Education in a child's earliest years is important for deterring use. Additionally, education coinciding with a treatment program effectively helps students decide to not use at all, and assists users in moving away from habits and addiction. Early-age substance use can suggest problems or dependency later in life. Some schools have policies for random testing for substances, effective because it carries an element of surprise. History shows that testing and education are a good marriage; neither is intended as a stand-alone solution.

The age group 18-25 engages in problem or heavy drinking and the use of drugs (with especially high use of cocaine) and tobacco products more than any other age group.4 Many drastically decrease or eliminate use upon assuming marital and/or parental roles while others continue abusing or become addicted.

Among baby-boomer and Generation X cohorts (ages 30-64), the probability of sustained alcohol abuse remains high. For example, 4.7 percent of those ages 50 and older have used illicit drugs in the past year, with marijuana being the most used among ages 50 to 59; in this group, females often used marijuana in conjunction with the misuse of prescription meds. Older users tend toward nonmedical use of prescription drugs.5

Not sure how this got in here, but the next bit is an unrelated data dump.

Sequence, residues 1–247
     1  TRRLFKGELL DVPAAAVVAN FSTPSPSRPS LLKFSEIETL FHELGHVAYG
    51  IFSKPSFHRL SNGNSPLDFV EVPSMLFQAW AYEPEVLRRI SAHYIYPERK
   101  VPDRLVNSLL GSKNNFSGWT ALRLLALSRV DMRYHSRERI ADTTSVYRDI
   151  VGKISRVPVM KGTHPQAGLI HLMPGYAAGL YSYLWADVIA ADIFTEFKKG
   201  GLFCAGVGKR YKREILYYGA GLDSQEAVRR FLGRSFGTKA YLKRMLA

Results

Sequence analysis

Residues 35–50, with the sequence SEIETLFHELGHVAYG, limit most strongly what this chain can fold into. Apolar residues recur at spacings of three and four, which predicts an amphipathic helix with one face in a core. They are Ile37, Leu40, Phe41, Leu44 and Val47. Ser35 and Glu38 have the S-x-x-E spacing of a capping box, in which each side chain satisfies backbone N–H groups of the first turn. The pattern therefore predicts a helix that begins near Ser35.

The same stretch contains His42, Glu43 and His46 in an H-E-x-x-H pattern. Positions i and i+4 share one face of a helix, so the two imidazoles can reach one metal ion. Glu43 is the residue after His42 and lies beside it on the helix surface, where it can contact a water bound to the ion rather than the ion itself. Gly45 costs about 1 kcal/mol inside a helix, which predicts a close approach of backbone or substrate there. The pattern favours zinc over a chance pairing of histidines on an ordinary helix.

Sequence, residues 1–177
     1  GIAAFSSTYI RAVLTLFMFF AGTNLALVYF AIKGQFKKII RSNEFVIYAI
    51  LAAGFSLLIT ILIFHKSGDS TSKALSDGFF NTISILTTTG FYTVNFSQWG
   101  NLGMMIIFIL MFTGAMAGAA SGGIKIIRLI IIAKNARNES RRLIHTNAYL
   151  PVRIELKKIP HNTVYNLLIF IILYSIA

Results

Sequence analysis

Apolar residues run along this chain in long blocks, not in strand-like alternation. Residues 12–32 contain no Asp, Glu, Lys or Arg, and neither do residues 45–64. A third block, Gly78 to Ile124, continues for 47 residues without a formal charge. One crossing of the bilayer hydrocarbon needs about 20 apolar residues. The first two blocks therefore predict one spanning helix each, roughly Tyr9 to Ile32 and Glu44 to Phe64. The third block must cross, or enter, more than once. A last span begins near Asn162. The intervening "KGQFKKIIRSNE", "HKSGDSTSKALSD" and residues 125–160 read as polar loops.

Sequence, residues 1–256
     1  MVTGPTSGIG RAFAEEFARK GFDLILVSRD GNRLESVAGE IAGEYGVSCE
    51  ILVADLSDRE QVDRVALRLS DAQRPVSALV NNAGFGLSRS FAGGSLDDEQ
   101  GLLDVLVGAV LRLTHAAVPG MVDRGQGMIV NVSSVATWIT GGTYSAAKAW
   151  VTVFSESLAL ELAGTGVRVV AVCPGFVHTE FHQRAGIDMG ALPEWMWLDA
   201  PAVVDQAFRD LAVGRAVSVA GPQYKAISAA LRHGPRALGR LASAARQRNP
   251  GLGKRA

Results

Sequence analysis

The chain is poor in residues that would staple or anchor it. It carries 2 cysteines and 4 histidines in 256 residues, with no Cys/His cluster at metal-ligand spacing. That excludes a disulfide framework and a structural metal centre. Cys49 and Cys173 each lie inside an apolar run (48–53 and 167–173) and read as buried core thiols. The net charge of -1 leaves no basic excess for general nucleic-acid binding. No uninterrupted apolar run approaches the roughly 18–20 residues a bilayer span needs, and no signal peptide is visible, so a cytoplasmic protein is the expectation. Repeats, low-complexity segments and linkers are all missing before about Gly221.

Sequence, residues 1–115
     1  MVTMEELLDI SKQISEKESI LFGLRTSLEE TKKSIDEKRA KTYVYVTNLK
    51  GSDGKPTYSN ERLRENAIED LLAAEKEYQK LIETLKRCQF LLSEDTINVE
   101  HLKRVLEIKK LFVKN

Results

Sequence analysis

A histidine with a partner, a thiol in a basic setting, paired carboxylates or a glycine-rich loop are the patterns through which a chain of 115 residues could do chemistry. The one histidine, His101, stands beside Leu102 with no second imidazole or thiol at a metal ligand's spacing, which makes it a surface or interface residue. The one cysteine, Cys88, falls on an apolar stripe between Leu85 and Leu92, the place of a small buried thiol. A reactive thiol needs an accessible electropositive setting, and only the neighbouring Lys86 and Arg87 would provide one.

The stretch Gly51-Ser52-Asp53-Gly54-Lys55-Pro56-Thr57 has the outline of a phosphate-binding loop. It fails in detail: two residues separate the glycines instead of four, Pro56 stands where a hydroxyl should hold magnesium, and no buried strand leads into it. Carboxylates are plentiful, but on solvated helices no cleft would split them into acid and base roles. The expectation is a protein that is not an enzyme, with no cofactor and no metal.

The Workplace

According to the Department of Labor, 10-20 percent of workers who die on the job test positive for the presence of alcohol or other drugs. The construction, mining, manufacturing and wholesale industries employ more users than other industries, and coincidently have the highest rates of workplace injuries. Roughly 11 percent of working adults have alcohol problems, costing employers 500 million lost work days annually. Other losses occur as the result of impaired continuity of service, diminished co-worker morale and productivity, and loss of trade secrets and institutional knowledge and information.6

Why Your Role in Assessing and Preventing Substance Abuse Matters

In America:

  • One in four children is exposed to alcohol or drug problems within the family.
  • The workplace has become the primary place to buy and sell illicit drugs.
  • Fetal alcohol syndrome (FAS) has become the number-one cause of mental retardation.
  • 8.3 percent of the U.S. population ages 12 or older (21.8 million people) currently use illicit drugs.
  • The misuse of prescription drugs is considered "a serious and growing public health problem" by the National Institute on Drug Abuse.
  • Each day, 3,600 minors will initiate tobacco use; one in three will become addicted.